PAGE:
Saffie Roussos Funeral: Hundreds of mourners expected despite pouring rain

Rain is pouring down as preparations get underway for the funeral of the youngest victim of the Manchester terror attack this afternoon.

People gathering outside Manchester Cathedral ahead of the funeral of Saffie Roussos.
People gathering outside Manchester Cathedral ahead of the funeral of Saffie Roussos.

Eight year old Saffie Roussos was one of 22 people who were killed when Salman Abedi detonated a home-made bomb at Manchester Arena following an Ariana Grande on May 22.

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Read more about Saffie Roussos here

Hundreds of mourners are expected to attend today's funeral at Manchester Cathedral at 1.45pm, with more standing outside listening to the service through a sound system.

One of the first to arrive for Saffie's funeral this morning was Mike Swanson, 38, of SOS Computer repair shop in Newsome Street, Leyland.

He is a good friend of Andrew, Saffie's father.

Speaking of how the family Andrew, Saffie's mum Lisa, 48, big sister Ashlee and brother Zander, 10, are doing he said: "They are all coping, they are strong but it's going to be a hard day for them.

"Lisa will have to have further operations but she is out of the danger zone. She gets tired quickly but she will be here today - she helped to arrange it.

"It's been a rollercoaster."

With Mike were his two daughters Lily and Grace, who were both good friends with Saffie.

The Tarleton Community Primary School pupil had been at the Grande concert with Lisa and Ashlee.

While Saffie died of multiple injuries Lisa and Ashlee were hospitalised with serious injuries from the blast.

Leyland trader Adam Neale, who arrived along with Mike and is a friend of Andrew, said: "Leyland has not been the same since.

"I got to know Saffie about two years ago and she was a pretty little face.

"She created a massive impression on me. You would look down at her face over the counter of the shop.

"They have a very tight family unit.

"We are expecting a massive turnout which is what Saffie would have wanted.

"I have not spoken to Andrew since everything happened so I hope they are staying strong. Words are so cheap."

Mourners have been asked to come dressed to the funeral in colourful clothing with a single red rose after Saffie's middle name.

"It's not a nice day - the rain reflects how I feel," said Tony Maunder, who runs a volunteer program with Manchester Cathedral to help get unemployed people into work.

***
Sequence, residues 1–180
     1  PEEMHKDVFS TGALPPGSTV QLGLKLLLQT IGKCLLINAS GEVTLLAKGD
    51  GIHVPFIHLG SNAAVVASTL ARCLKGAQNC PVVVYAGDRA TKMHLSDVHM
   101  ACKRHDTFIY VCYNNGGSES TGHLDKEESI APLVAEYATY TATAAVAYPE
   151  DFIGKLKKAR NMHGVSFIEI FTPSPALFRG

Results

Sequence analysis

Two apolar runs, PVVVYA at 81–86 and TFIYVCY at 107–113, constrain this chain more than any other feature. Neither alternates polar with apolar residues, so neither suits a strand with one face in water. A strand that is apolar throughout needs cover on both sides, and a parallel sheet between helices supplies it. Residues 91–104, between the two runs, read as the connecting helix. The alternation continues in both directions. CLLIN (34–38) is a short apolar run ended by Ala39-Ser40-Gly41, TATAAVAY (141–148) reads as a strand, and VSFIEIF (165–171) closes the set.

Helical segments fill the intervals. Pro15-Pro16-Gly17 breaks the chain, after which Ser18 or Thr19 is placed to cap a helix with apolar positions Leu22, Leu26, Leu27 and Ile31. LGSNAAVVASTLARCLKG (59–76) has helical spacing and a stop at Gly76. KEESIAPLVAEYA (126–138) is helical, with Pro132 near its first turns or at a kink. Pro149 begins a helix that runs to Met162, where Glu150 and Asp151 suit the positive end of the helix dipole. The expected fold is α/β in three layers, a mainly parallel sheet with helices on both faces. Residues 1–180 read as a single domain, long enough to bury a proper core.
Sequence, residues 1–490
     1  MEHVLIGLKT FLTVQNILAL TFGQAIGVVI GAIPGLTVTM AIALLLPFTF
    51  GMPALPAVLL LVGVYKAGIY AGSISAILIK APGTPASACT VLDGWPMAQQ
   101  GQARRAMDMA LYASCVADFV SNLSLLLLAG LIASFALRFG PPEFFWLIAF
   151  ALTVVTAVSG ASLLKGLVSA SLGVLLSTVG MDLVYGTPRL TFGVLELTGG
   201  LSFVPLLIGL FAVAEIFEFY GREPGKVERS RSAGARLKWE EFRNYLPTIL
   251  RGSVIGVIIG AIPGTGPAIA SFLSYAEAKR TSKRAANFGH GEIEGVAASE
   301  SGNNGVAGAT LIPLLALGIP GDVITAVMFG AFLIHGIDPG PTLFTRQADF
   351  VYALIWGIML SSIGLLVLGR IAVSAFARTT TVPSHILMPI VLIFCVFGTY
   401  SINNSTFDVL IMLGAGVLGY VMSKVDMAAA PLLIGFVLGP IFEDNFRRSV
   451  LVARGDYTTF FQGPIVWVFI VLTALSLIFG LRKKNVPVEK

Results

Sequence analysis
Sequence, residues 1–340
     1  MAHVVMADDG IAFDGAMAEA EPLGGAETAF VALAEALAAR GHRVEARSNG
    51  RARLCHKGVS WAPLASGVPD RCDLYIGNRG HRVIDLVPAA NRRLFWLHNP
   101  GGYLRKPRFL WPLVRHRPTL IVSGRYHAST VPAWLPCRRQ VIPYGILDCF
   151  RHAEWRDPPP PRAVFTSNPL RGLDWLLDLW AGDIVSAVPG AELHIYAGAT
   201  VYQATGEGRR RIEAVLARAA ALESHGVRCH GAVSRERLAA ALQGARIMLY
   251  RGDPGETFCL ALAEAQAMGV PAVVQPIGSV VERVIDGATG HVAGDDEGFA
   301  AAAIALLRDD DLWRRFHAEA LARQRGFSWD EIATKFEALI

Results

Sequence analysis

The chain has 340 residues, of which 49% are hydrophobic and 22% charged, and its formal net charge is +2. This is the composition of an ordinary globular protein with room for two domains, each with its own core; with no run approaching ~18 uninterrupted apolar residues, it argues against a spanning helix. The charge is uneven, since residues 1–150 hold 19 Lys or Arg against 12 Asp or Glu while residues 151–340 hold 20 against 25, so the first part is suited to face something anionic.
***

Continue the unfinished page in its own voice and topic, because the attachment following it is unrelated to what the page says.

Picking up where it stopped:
"No parent should have to bury their child. It's just a horrible feeling."

A passerby, Trevor Palmer, agreed: "The weather's made it an even more depressing day."

Saffie was one of the first to be publicly identified in the days after the attack.

Staff at The Mitre Hotel, which faces onto the Cathedral are planning on standing outside to listen to the funeral with the crowds.

Housekeeper Nicola Hallwood, who has a four year old daughter, said: "It's going to be an emotional day today I think.

"Just thinking about what happened makes me go cold.

"It's disguising. The Mitre was closed for about three days after the bomb. When we first came back to work we were wary, there was an eerie atmosphere for a few days.

"Seeing the police with guns afterwards was shocking."

Homeless hero Chris Parker, who helped victims in the immediate aftermath of the bomb, is one of those who has laid flowers outside Manchester Cathedral this morning.

Stephen Cantrill, who works at The Old Wellington pub next to the Cathedral, said: "Obviously everyone still feels very sorrowful."

Manager of the pub, which dates to 1552, Gavin Clark added: "The way that everyone came together afterwards was amazing. The funeral today brings it back, people are remembering what happened."

Labourer Gavin Shirley, who has a two year old daughter himself, said: "It's heartbreaking. It was sad for everyone but the little girl was only eight. She was gorgeous as well.

"But everyone stood together, we don't take intolerance like that in Manchester. What we love is peace."

Leyland coach company Avagroup is transporting 100 people from Leyland to Manchester for free to the funeral.

Four of the victims of the atrocity in Manchester were from Lancashire.

The include Saffie, 18-year-old Georgina Callander from Tarleton, school receptionist Jane Tweddle, 51, from Blackpool and 45-year-old Michelle Kiss, who grew up in Leyland before moving to Blackburn.

Saffie’s funeral is the last of those who died in the terrorist attack and is believed to be one of only two held at Manchester Cathedral.